As I write today, March 2, I am quite aware that by the time this article is read the situation would have changed significantly, with so many things happening at the same time. I must compliment CARICOM for strongly condemning the military attack and invasion of Ukraine and to call for immediate and complete withdrawal of Russia’s military presence. They called it what it was, a military invasion of a sovereign country. I say this because it befuddles me that our Prime Minister in his ‘private letter’ to President Putin saw it fit to repeat Putin’s classification of his involvement in Ukraine as a ‘special military operation’. But our UN ambassador also refers to Russia’s ‘special military operation’ while most of the world, including CARICOM, see it as an invasion.
But call it what you will, what was the purpose of this special military operation? To “demilitarize and de-Nazify” Ukraine; to protect people who were subjected to bullying and genocide! Ukraine a country of over 40 million people had moved away from Russia and has been building a democratic society with a president who is indeed Jewish. President Putin claimed that Russia could not feel safe because of threats from modern Ukraine. It appears to me that the only threat was from a democratic Ukraine serving as an example to Russia’s people, remembering that there are large numbers of Russians living in Ukraine and many Ukrainians with families in Russia. Granted too, and this is a reality, some countries that were formerly part of the Soviet Union have moved to become members of NATO as with Ukraine that has been trying to gain membership in that body. This might or might not happen, even though what is happening there now could make it a possibility.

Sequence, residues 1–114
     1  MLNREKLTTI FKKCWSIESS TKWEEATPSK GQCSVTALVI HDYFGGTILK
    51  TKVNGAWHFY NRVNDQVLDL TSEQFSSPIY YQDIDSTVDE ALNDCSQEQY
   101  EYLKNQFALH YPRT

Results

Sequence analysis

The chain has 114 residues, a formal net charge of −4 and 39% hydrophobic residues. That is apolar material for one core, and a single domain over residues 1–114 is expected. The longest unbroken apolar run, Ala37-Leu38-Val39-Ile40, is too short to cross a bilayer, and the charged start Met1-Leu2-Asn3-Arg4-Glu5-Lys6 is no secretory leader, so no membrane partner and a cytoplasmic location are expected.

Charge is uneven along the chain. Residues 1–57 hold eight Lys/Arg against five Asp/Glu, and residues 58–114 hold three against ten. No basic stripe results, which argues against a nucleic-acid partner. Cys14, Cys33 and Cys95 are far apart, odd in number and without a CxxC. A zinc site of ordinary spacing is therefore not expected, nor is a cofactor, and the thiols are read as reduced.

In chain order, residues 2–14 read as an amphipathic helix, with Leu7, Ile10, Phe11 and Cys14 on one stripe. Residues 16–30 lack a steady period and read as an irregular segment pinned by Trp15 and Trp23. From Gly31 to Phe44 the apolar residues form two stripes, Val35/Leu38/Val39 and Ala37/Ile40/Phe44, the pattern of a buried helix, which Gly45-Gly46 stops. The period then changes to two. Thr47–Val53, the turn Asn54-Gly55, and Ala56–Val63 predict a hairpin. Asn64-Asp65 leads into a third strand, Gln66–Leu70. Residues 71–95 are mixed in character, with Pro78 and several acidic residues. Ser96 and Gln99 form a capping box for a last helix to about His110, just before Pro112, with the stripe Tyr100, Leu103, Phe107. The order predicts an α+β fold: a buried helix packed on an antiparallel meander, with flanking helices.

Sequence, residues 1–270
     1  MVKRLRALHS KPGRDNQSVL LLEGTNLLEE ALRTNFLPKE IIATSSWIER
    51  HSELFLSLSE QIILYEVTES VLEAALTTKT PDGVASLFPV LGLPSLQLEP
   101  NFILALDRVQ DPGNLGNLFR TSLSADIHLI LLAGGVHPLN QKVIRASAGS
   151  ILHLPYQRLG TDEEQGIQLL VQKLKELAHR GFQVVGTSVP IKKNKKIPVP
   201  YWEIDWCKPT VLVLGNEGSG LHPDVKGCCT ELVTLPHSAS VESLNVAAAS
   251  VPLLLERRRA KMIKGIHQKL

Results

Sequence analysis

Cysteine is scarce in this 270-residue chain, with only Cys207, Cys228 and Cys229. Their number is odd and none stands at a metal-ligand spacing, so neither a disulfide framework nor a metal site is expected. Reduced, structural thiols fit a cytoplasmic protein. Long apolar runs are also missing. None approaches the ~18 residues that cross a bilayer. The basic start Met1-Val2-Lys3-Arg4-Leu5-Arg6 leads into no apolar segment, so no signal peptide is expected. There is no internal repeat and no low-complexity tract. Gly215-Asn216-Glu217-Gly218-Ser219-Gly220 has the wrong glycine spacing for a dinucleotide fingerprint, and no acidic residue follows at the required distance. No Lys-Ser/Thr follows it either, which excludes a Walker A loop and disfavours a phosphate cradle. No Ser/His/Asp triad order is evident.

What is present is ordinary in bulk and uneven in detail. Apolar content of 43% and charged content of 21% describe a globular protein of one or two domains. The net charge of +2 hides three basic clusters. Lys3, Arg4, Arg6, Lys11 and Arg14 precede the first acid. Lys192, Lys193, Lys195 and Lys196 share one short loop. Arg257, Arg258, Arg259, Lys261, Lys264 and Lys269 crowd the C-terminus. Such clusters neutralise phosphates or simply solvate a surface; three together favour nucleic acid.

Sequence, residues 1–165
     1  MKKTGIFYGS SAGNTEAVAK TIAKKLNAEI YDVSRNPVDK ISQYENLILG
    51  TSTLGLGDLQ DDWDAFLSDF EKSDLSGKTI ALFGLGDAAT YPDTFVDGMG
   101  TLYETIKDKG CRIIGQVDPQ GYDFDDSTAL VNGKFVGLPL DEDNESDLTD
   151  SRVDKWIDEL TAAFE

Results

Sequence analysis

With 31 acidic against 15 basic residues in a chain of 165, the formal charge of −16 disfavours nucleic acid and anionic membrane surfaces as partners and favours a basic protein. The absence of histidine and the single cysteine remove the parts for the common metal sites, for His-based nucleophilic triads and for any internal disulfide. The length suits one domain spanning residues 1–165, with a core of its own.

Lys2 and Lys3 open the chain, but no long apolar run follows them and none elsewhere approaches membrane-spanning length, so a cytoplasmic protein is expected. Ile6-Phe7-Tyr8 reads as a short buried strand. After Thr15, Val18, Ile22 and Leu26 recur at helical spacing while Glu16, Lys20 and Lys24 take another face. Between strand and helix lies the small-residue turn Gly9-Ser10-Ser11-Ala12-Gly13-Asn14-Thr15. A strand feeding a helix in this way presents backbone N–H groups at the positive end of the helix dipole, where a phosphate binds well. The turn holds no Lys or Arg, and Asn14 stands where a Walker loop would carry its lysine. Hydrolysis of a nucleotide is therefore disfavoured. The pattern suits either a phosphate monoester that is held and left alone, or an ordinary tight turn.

Russia by its military action has antagonised even some of its friends. The Czech Republic and Hungary that had in the European Union been expressing pro-Russian sentiments have strongly condemned this recent action. Not only has the President of the Czech Republic called for harsh sanctions but he said that “It is necessary to isolate a lunatic.” Hungary also condemned Russia’s action and said that it was standing with the Ukraine’s territorial integrity and sovereignty. At the meeting of the UN Security Council, China did not vote against the resolution condemning Russia, but instead abstained.
What stood out for me since Russia’s invasion was the resistance of the Ukrainian people. While hundreds of thousands have already left the country there are many and I am dealing specifically with women, young people and even elderly people who have decided to stay and join the large numbers of volunteers. One of the things about this ‘war’ is that the technology brings it right to our living rooms, allowing us to follow the brave resistance of the civilians. We have seen Ukranians unarmed standing in front of Russian tanks, getting them to halt and fire their bullets into the air. It has become obvious that many soldiers were not aware of their mission.
Those who knew expected to be warmly welcomed by a population waiting to be liberated! While the Ukranians have been able to slow down and to halt some of the operations of the Russian forces, they are really no match for Russia’s “40 mile long column of tanks and combat vehicles.” Putin seemed to have underestimated not only the resistance of the Ukranians but the kind of support they are getting world- wide.
The Ukranian president, Volodymyr Zelensky, a former comedian, has risen to the challenge and has been able to win the overwhelming support not only of the Ukranian people but of countries and people worldwide. He clearly told the US president that what he wanted was not a ride out of the city but ammunitions. He vowed to stay with his people and resist.
What Russia has done is to strengthen NATO and to heighten the nationalism of the Ukranians who are prepared to resist any attempt of control by President Putin. But the ‘special operation’ is yet in its early stages!
Dr Adrian Fraser is a social commentator and historian